In fact, I’m here to say that no hospital psychiatrist can be trusted when they promise not to force you to take drugs…that is what they are paid to do and are largely paid to believe in. It did me little good to try NOT to sound like i was ranting and raving esp when attempting to persuade either doctor or social worker in hospital to read Robert Whitaker’s ANATOMY OF AN EPIDEMIC or even borrow my copy of his MAD IN AMERICA, both books i find life and mind changing in a major way, even a year after i started reading them for the first time.
I dunno what to do though, in terms of meds. I function fine in between times in hospital, mostly. And so are the Abilify and Geodon helping or simply not Not preventing a relapse when it comes? There is reason to think that Geodon may be damaging my heart, slowly but surely. My EKG said something Dr Milstein refused to explain about a “probable infarct” but was that me, my heart or some general info on the EKG sheet? I wasnt allowed to look at it long enough and NO ONE answered my questions about it. Probably fearing i would stop taking the offending medication, which was true and i did anyway so they ought to have talked to me honestly.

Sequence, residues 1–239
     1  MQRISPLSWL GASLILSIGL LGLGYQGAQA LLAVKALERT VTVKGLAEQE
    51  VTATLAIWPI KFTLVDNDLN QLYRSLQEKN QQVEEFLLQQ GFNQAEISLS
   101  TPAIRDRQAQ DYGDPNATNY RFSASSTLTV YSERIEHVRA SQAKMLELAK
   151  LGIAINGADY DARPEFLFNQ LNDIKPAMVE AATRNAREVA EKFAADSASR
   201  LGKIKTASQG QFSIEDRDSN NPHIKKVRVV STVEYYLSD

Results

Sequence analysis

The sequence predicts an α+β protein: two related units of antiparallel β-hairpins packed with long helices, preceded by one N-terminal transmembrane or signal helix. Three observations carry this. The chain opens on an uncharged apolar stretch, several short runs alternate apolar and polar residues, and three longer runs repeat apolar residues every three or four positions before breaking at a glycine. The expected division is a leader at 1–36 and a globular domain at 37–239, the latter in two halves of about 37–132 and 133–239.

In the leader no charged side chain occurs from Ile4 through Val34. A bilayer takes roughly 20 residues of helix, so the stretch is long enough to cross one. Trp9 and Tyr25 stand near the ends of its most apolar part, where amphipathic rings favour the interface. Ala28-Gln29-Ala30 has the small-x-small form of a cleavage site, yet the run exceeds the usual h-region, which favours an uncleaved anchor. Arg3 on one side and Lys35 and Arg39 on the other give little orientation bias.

But honesty is not a general policy in brutal psychiatric units where they restrain you, holding you down and bruise you to give you injections of Stat meds that are really ordered only because someone with the power to order them got angry and resentful…
I cannot sugarcoat my own demeanor during this stay. I was not a pleasant patient to anyone most of the time. And at the worst times i was likely considered horrendous. I screamed daily at the top of my lungs, i resisted their treatments physically and violently, i defecated on the floor of my room and even put handsful of shit across the walls, and apparently i even threw a cup of coffee at someone…though i do not remember doing this and the report may have been distorted by second hand information about me, coming back to me. But i was a horrible patient and one aide even called me, every chance he got, a dog, a pig, a swine….in covert secret ways, audible and openly but when no one else was around to hear him except the other aide who would back up his story that it never happened.
On the other hand, there were a few kind and compassionate understanding people who did not throw my smearing shit in my face or even take my calling them horrible names (bestowed on my vocabulary by a former friend who called me them) personally.